Inside, Armando Bacot has been utterly dominant as a glass cleaner on both ends of the floor. One of the ACC’s premier big men, Bacot was the biggest reason why the game against the Peacocks wasn’t close from start to finish. While not quite a draftable prospect, Bacot could still find a roster spot in the league because of his effort and physicality on the boards. Despite his candidacy as a next-level player, he’ll make his presence felt and could win the battle inside against Williams as he did in their last meeting.
I fully expect this game to be close and run down to the wire. Duke may have more NBA players, but the three Carolina guys mentioned, along with Leaky Black and Brady Manek, form one of the most experienced and talented lineups that the Tar Heels have seen in years. Spacing, size, athleticism, and defensive intelligence ooze from this UNC group, so the Blue Devils better come ready to battle on Saturday.
1 Kansas vs. 2 Villanova
Even though Moore isn’t a star to the likes of Ochai Agbaji or Christian Braun, he’s still been one of the team’s best scorers over the last few years and has offered much-needed spacing for guys like Collin Gillespie, Jermaine Samuels, and Brandon Slater to thrive off the bounce.
Still, Gillespie was always going to be the key to a potential upset, and he still is. The senior guard made his presence felt against Houston late in the game and has been much better at shooting from distance this year. Intelligent point guards who are tough, mature leaders capable of scoring and distributing from all three levels are one of two main ingredients for March Madness success, along with size up front.
Samuels and Slater provide versatile size and length, can defend multiple positions, and can make passing lanes tight as can be within zone defensive schemes. Furthermore, Eric Dixon has really stepped up on the interior for Villanova through this tournament. He’ll have to be on his “A-Game” against David McCormack, as the veteran center has had his way with the entire country all season long. Not only is he a bruising rebounder and terrific shot-blocker, but he’s even started stepping out to the foul line and knocking down jumpers to offer the spacing for cutters like Agbaji to terrorize opposing defenses.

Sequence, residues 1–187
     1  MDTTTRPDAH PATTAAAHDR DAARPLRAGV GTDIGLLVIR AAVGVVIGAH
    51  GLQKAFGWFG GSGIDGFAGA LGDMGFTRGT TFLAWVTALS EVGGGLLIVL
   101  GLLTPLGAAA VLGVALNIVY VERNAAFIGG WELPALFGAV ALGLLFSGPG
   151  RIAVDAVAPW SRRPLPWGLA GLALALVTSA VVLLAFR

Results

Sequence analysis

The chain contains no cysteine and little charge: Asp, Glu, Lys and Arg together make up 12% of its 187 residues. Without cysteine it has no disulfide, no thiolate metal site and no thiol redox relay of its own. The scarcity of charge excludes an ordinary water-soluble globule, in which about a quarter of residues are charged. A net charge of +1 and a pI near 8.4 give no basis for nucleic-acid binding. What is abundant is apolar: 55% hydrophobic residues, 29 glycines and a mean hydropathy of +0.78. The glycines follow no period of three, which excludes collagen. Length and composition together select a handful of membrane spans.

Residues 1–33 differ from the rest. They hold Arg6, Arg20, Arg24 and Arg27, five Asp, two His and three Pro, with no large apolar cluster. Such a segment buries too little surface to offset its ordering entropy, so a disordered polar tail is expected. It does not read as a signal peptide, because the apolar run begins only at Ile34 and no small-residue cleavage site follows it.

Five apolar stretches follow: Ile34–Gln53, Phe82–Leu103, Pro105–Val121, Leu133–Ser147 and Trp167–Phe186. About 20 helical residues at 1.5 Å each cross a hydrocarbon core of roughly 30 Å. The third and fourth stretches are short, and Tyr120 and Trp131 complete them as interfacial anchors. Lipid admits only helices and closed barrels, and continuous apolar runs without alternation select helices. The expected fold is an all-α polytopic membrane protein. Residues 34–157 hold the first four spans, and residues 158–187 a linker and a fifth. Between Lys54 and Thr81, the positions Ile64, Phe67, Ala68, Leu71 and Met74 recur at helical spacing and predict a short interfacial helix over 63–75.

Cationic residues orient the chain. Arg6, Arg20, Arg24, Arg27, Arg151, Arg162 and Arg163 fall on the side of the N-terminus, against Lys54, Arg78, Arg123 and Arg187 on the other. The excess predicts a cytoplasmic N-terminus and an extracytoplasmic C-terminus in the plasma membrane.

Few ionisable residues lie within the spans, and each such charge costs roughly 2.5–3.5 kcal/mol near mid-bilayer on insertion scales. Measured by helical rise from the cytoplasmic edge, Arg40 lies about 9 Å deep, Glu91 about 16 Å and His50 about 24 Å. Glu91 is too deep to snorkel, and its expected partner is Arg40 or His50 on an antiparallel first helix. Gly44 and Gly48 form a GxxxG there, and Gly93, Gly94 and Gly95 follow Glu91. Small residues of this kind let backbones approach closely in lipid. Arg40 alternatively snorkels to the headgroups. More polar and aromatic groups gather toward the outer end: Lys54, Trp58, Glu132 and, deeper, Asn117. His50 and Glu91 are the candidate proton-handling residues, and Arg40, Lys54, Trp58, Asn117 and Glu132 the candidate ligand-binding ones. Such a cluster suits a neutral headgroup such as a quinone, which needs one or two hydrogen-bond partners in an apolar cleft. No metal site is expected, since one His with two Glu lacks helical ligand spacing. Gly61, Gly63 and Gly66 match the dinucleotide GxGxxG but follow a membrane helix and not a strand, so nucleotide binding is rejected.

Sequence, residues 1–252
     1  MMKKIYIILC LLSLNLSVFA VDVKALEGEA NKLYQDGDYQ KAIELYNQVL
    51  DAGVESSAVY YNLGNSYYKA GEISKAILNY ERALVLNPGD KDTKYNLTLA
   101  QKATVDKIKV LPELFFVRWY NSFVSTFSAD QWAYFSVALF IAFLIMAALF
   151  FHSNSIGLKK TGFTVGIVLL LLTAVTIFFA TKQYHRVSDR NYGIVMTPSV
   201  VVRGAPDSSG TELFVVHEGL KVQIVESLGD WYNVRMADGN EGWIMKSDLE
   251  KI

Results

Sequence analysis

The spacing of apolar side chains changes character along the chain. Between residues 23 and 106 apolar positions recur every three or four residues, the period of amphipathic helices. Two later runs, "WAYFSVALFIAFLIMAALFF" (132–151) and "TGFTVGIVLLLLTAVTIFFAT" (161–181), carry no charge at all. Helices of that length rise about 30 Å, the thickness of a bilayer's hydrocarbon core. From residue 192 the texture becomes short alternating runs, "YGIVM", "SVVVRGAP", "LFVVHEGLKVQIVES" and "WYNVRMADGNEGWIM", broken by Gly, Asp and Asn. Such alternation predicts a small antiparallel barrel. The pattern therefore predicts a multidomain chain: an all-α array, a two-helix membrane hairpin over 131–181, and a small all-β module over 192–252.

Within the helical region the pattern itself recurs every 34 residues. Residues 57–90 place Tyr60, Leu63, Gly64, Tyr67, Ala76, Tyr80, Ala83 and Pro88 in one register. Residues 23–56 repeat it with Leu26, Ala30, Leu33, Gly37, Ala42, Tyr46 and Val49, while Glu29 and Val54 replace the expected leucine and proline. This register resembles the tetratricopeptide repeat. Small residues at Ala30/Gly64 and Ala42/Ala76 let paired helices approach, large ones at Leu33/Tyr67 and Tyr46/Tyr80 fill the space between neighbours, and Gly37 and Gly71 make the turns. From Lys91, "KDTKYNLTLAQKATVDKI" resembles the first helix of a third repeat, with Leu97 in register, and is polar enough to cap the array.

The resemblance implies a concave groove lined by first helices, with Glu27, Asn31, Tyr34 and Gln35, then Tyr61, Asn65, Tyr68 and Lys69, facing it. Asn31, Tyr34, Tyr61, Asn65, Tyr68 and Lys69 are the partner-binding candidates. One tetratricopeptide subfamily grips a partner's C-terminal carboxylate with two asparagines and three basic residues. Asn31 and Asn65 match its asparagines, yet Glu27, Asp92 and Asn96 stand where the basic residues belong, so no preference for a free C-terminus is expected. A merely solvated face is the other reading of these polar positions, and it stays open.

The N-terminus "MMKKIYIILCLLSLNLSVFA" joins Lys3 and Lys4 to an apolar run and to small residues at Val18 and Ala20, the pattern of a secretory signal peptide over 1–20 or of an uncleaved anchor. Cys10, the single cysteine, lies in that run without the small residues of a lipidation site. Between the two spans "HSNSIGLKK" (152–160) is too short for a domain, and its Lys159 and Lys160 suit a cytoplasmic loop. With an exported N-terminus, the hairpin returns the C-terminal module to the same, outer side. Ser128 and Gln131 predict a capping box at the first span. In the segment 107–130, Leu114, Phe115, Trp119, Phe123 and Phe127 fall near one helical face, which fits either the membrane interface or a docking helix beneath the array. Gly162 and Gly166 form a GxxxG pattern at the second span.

My biggest takeaway from what Kansas has done in March is Braun’s playmaking. Bill Self has put the ball in his hands in transition and in half-court sets, and he has reaped the rewards. Braun’s steadiness with the ball in his hands has helped alleviate pressure off of Dajuan Harris and Remy Martin’s shoulders and has allowed Martin, in particular, to play free off the bench to do what he does best: score.
Martin has been sensational as a mid-range shot maker in the tournament, and he has started to better connect from distance as well. The dimension he adds to this Jayhawks offense has been invaluable to the team’s successes in the tournament.
But we know who this all comes back to in the end. Agbaji has to play like a National Player of the Year candidate just as he did against Miami, a game in which he shot 8-for-12 from the field and knocked down multiple triples en route to his best game of the tournament. While not the best wing creator out of isolation, he can still spot up or score in a variety of ways, and his off-ball versatility is a perfect complement to guys like Braun and Harris who are much better at sharing the rock than going into takeover mode.
Kansas is deep, balanced, and experienced. If either of these two games were to end in a potential blowout, this would be my pick. But you can never count out Jay Wright. This one should also end as a classic and satisfy any basketball junkies looking for a good time.